Fernand Auberjonois (25 September 1910 in Valeyres-sous-Montagny, near Yverdon-les-Bains, Switzerland – 27 August 2004 in Cork, Ireland) was a highly respected journalist who worked as the foreign correspondent of the Pittsburgh Post-Gazette and the Toledo Blade.
Throughout most of the Cold War, Auberjonois was one of the most admired American reporters based in London. From 1956 until his formal retirement in 1983 and after, he covered many of the world's biggest news stories. During World War II, he enlisted in the U.S. and served on secret assignments, including setting up radio transmissions for the Allies to divert the German's attention from the real invasion site on D-Day. From World War II through the Cold War, he worked for many print organizations, and also for NBC and Voice of America.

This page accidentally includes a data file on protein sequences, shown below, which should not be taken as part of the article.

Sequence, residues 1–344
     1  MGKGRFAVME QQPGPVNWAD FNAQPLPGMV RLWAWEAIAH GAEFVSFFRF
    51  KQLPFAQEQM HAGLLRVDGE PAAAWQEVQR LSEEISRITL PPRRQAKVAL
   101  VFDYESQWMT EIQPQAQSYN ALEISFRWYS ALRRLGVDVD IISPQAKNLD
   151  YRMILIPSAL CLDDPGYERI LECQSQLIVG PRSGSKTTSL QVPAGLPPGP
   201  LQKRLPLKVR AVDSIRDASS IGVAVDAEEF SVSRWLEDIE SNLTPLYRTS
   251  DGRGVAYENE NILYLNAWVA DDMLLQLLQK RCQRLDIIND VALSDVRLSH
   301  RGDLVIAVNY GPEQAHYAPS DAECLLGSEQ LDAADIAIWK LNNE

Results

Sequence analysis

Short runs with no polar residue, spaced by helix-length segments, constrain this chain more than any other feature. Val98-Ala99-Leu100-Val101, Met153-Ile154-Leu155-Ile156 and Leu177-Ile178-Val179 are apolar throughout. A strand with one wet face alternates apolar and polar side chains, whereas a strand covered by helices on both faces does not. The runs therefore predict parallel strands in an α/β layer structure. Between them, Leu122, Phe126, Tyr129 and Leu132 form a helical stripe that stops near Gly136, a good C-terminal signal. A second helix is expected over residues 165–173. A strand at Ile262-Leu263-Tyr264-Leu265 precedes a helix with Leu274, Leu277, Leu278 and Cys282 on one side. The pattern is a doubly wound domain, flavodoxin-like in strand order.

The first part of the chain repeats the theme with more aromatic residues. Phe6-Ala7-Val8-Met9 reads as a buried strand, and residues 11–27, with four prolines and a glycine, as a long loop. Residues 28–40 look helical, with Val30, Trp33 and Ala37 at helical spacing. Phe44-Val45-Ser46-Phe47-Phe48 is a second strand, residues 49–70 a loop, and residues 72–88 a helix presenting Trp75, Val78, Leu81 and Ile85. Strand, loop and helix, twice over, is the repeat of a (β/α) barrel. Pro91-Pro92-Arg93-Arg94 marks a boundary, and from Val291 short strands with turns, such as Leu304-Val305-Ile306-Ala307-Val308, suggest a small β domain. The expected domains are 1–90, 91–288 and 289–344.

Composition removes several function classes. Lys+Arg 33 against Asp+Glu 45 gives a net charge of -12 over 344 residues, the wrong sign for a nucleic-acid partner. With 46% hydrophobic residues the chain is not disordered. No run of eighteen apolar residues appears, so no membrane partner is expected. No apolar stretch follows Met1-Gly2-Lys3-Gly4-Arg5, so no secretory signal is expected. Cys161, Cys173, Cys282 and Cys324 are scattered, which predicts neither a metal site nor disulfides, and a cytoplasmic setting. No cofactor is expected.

Auberjonois married into European (Napoleonic) royalty. His wife was Princess Laure Louise Napoléone Eugénie Caroline Murat (Paris, 13 November 1913 – New York City, 10 May 1986), a descendant of Napoleon Bonaparte's sister Caroline and her husband Joachim Murat, King of Naples and King of Sicily, previously married in Cannes, 3 August 1931 and divorced in 1939, to Jean-Paul Frank (Saint-Germain-en-Laye, 26 August 1905 – Los Angeles, California, 19__. They married in November 1939. The couple's son, actor René Auberjonois, was born in 1940.
Honours and awards
- Chevalier of the Légion d'honneur (France)
- Croix de guerre 1939–1945 with four palmes (France)
- Legion of Merit (United States)
- Polonia Restituta (Poland)
|This article about a United States journalist born in the 1910s is a stub. You can help Wikipedia by expanding it.|